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May 13, 2014

:thumb:

13. UpsadaisyModerator

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May 13, 2014

Yes, I agree, mostly. But, in some subject areas, kids can get good grades just be absorbing information on a specific topic despite never knowing anything about it before. That doesn't work so well in math.

You know, I read about a study that was done on infants. They measured the pupils of the eyes in response to something or other (sorry, it was a long time ago) and found that babies are born with a certain amount of number sense. Some more than others. Very interesting. I saw it all the time in my students.

14. RoxCohort

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May 13, 2014

Can you try to write your lesson plans with an additional section for those who are struggling with the concept? So that if you encounter students who are struggling, you can use that section of the lesson plan to focus on with them. Many math curriculums provide little sections of "extra support" for those who may be struggling. Google "differentiated instruction" for more ideas.

15. Special-tEnthusiast

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May 13, 2014

My BA was in English and it was always my strongest subject. When I first started teaching high school English, my lessons tended to be more like college remedial - just as you described. I think most of us have trouble with other-mindedness is certain areas. I encourage you to not critique yourself through the lens of autism (valid though it may sometimes be). You are learning to teach. It's a process we all go through. The more experience you gain with a variety of student abilities, the better you will become at differentiating and scaffolding instruction.

16. Linguist92021Phenom

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May 13, 2014

I think as you gain more experience you will see how your students are, that they're at a much lower level than you'd expect and you will be forced to break things down, go over it over and over again, practice, practice and be patient and so on.
The sooner you do that, the better it is. You already know it's a problem and are asking for help, so that's a good start.

17. gr3teacherPhenom

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May 13, 2014

I used to teach special education (and during the summers, still teach different programs for struggling learners), and currently teach gifted kids. One of the most important things to remember when you're working with kids... ANY kid... is that different kids work at different paces, and different kids have different learning styles.

My IQ is in the 150s. Math came extraordinarily easy to me, to the extent that I probably should have taken high school level math classes the year I turned 10. I have to constantly fight the "this is so easy, why aren't you GETTING it?!?!?" demons. Ultimately though... if they all knew it, they wouldn't be in your class.

I can say with full sincerity though that the hardest thing for any new teacher to get is the actual pacing of teaching. I don't think any lesson takes the amount of time a new teacher expects it to.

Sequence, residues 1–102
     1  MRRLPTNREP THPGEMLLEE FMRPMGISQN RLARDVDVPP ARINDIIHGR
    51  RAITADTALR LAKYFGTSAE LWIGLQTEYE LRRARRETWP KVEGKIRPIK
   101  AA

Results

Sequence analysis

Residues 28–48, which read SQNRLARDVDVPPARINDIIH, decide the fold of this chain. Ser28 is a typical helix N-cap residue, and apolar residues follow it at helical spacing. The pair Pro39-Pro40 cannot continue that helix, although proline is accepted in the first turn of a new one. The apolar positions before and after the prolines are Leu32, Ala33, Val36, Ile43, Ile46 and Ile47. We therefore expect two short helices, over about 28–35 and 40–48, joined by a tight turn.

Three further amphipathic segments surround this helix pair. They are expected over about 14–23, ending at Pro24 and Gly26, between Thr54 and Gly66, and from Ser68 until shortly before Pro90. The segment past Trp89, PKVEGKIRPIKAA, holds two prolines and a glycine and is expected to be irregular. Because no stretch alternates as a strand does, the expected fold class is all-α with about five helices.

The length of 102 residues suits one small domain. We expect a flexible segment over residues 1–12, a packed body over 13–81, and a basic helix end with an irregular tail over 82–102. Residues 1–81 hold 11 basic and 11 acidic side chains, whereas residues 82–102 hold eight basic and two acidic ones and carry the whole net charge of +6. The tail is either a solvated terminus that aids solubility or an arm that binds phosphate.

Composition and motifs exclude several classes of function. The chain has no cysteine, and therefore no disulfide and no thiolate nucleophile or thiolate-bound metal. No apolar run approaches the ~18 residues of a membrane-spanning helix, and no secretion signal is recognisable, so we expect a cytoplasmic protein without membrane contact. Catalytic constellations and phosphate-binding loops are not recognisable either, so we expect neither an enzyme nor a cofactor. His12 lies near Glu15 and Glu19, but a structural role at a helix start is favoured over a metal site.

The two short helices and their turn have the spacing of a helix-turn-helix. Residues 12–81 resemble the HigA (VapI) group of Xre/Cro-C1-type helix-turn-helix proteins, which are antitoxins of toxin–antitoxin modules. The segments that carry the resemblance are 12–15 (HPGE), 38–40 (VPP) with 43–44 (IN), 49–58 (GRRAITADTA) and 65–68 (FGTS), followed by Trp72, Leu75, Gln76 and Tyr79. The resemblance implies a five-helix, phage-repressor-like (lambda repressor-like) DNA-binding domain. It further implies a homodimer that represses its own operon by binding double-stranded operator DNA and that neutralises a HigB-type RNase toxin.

After you've done it, it'll become very natural for you to fill in the gaps. Every child is different, but there are often common trends. You'll also get to know your classes, and you'll get a feel for how long a particular concept will take. My district pacing guide is a godsend... I don't follow it word for word, but knowing, for example, that they expect me to spend a week and a half on addition and subtraction definitely helps me plan things out. If you have any access to good pacing guides, they will help you out a lot in terms of how to break things down to manageable levels for the kids.

18. SF_Giants66Cohort

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May 14, 2014

Did your IQ get determined by a professional psychologist? If not, it isn't accurate. I score in the 130+ range in all those silly online tests, but only about 109 total with a professional, and the test is a lot more extensive.

19. SF_Giants66Cohort

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May 14, 2014

What I'm also saying, is I generally can get frustrated easily, and I want to try and avoid planning too much content in one lesson that leads to a set up for frustration.

Also, I think most of us could agree that understanding students misconceptions and how they see the material would be most beneficial in how to teach it to them.

That's why I was interested in what goes on inside the mind of someone not good with math, so it can be made easier for them.

They can memorize equations and algorithms, but without conceptually understanding them, they are going to hit many dead ends.

20. gr3teacherPhenom

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May 14, 2014

It was done by a psychologist. My elementary school's recommendation was that I skip from second to sixth grade.

21. MathCohort

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May 14, 2014

I just want to add that is why some of the best teachers are ones who struggled a bit. These teachers have an easier time I am sure understanding the students frustration. I am glad I did struggle in math in the past.

In the past I could score really high on testing for placement but once I got in the class I felt clueless. Some people that have things coming so easily are the worst because they expect for everyone to get it just as easily as he or she did.